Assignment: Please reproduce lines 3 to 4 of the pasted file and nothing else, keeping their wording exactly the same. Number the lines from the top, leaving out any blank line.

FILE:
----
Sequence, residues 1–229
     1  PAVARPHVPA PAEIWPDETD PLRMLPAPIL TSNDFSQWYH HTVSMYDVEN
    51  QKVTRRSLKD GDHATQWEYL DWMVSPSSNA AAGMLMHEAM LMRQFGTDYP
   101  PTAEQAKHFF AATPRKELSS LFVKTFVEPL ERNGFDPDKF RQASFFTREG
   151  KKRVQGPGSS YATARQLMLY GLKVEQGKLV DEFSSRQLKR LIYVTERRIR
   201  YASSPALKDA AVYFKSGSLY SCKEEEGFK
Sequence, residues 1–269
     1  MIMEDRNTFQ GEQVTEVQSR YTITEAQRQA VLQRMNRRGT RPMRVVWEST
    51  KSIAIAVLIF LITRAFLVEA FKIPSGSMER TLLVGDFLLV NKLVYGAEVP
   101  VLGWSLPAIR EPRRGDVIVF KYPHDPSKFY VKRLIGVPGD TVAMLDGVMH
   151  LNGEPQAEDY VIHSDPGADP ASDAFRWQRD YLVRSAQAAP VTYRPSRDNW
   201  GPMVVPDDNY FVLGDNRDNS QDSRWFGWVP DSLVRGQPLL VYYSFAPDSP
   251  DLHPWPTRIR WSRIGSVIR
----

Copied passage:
    51  QKVTRRSLKD GDHATQWEYL DWMVSPSSNA AAGMLMHEAM LMRQFGTDYP
   101  PTAEQAKHFF AATPRKELSS LFVKTFVEPL ERNGFDPDKF RQASFFTREG